Ukrainian refugees fleeing the outbreak of war in their country are bringing their beloved pets with them, as neighboring countries Romania, Poland and Hungary ease restrictions on cross-border movement of animals.

According to the animal rights organization People for the Ethical Treatment of Animals (PETA), peacetime restrictions on the cross-border transport of pets require that cats and dogs be vaccinated and microchipped and have a negative blood test for rabies.

However, a rabies antibody test by blood test alone can take days or even weeks.

Three Eastern European countries receiving the bulk of fleeing Ukrainians – Romania, Poland and Hungary – make exceptions for pets transported safely alongside their owners.

In Romania, Bucharest’s chief veterinary authority has introduced an emergency exemption, suspending vaccination, microchipping and documentation requirements – instead requiring owners to complete a single form for their fluffy friends.

Neighboring countries Romania, Poland and Hungary have eased entry requirements for pets escorted by Ukrainians fleeing the Russian invasion. Pictured: A woman holds a dog in her coat while waiting for a bus outside a train station in Lviv

Two young Ukrainian women travel to Tiszabecs, Hungary, after crossing the border to safety with a canine companion

Two young Ukrainian women travel to Tiszabecs, Hungary, after crossing the border to safety with a canine companion

Pictured: A Moroccan medical student flees Russia's incursion into Ukraine, taking his cats Stella and Santa with him as he crosses Poland

Pictured: A Moroccan medical student flees Russia’s incursion into Ukraine, taking his cats Stella and Santa with him as he crosses Poland

Abdullah Elkobbi, 21, said: “I love this country.  I'm so sad that it was destroyed' as he and his feline companions made their way to Ukraine's border with Poland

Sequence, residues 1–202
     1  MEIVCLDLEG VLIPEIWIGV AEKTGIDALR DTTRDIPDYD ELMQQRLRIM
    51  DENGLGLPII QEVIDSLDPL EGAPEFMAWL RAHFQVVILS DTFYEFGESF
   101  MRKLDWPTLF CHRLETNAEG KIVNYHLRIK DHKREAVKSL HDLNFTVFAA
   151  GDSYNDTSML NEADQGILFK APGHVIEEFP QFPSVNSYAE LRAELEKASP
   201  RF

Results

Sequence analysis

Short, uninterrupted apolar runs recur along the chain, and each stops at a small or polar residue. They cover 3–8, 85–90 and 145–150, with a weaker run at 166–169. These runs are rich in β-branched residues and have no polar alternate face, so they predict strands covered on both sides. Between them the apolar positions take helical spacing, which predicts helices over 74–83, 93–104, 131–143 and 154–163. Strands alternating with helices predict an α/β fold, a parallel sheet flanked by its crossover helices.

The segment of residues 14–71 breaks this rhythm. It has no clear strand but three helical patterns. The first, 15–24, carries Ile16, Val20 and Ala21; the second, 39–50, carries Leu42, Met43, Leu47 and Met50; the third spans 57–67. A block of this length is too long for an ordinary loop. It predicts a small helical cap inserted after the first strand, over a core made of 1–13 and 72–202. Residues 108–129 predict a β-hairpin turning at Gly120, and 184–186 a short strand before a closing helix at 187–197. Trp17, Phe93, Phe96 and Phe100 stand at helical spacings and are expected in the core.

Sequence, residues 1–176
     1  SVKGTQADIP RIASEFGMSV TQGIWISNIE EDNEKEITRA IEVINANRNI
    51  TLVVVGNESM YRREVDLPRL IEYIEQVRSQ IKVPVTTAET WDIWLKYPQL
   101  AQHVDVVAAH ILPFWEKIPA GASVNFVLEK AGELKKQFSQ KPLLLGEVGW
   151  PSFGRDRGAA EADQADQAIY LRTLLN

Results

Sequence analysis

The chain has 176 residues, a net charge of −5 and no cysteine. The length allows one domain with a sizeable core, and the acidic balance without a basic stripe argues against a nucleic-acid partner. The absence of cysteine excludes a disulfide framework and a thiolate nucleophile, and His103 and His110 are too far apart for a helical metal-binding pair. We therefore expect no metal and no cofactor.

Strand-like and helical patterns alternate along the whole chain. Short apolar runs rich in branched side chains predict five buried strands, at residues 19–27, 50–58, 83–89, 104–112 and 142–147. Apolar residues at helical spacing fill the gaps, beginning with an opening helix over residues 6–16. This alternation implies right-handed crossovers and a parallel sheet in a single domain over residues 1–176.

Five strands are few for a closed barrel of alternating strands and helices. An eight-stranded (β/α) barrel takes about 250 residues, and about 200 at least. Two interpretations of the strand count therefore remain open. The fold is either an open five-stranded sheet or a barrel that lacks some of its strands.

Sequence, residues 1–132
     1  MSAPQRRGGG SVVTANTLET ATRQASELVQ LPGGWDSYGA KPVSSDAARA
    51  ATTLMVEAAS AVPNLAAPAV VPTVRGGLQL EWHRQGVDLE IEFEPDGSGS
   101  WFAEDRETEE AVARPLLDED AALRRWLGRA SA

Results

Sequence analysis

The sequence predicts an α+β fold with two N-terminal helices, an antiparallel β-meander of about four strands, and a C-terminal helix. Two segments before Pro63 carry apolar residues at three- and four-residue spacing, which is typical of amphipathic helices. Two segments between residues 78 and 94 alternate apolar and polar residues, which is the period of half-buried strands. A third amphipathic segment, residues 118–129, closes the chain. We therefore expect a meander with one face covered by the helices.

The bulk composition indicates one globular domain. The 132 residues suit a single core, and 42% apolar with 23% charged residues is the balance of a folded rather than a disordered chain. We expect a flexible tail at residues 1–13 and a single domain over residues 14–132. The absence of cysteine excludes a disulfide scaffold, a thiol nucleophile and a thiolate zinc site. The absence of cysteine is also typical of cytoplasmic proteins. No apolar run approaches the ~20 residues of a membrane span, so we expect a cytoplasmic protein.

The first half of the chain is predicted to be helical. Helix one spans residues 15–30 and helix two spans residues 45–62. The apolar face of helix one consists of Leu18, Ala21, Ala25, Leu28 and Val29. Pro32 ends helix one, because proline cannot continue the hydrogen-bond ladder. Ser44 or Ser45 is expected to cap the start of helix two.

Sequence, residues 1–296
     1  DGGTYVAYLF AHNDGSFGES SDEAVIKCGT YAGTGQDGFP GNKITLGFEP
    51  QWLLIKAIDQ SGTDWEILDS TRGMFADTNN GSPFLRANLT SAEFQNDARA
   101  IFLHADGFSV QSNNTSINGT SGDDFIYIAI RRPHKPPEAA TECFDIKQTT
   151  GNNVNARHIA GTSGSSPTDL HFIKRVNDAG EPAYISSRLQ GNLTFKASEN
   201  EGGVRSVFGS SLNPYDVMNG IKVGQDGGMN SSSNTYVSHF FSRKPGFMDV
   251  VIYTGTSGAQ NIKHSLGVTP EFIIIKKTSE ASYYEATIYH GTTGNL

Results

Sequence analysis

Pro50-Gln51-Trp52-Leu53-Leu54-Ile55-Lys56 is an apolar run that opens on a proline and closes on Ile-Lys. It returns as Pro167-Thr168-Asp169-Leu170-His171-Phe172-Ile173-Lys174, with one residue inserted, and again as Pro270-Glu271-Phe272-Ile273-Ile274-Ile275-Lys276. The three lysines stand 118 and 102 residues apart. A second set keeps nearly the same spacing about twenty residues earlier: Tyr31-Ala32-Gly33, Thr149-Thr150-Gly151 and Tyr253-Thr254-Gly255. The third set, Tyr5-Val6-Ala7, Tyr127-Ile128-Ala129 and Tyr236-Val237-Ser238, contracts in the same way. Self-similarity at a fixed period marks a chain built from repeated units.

Abdullah Elkobbi, 21, said: “I love this country. I’m so sad that it was destroyed’ as he and his feline companions made their way to Ukraine’s border with Poland

However, a limit of five pets per person is in place in Romania, and PETA Germany says it has received reports of pet owners being refused entry with their canine and feline companions, despite claims official.

Polish and Hungarian authorities have followed suit by liberalizing the rules governing the entry of pets into their countries, temporarily removing strict vaccination, microchipping and documentation requirements and replacing them with a unique transition” to be completed by the participants.

Abdullah Elkobbi, 21, from Morocco, was studying medicine at a university in Ukraine, although he was forced to join the thousands of Ukrainians fleeing the country as the Kremlin’s invasion of Ukraine heats up .

The 21-year-old doctor-to-be was accompanied by his two cats, Stella and Santa, as he queued to reach the Shehyni border crossing into Poland.

Mr Elkobbi told Reuters: “I love this country”. I am so sad that it is destroyed.

A Ukrainian refugee - among 200,000 forced out of the country following the Russian invasion - carries a small dog under her arm as she arrives in Siret, Romania

A Ukrainian refugee – among 200,000 forced out of the country following the Russian invasion – carries a small dog under her arm as she arrives in Siret, Romania

A small dog accompanies a Ukrainian refugee as they both arrive at the border crossing in Siret, Romania today

A small dog accompanies a Ukrainian refugee as they both arrive at the border crossing in Siret, Romania today

PETA Germany is coordinating the delivery of 20,000 kg of dog and cat food to Ukraine, along with blankets, for pet owners and their animal companions still trapped inside the war zone.

The UK branch of PETA wrote a letter to George Eustice – the Secretary of State for Environment, Food and Rural Affairs – on February 25, asking for rules to be relaxed in the UK for Ukrainian refugees. entering with pets.

The letter said: “Border countries including Hungary, Poland and Romania are easing their restrictions to make the pet admissions process less bureaucratic, and we urge the UK to follow suit.

“A blood test for rabies antibodies, which would be required to get these animals across borders in accordance with all legal regulations, can take days or even weeks.

“Many vulnerable animals are therefore left without their keepers or other caring people, which will lead to terrifying and prolonged deaths.

“Please stand up for the animals in these exceptional circumstances and ensure they can be brought to safety. They must also be offered sanctuary and are essential in comforting those on the run and traumatized in these horrific times.

“The British people would be devastated if they were forced to abandon their beloved animal family members, and we must ensure that Ukrainians do not have to make this devastating choice either.”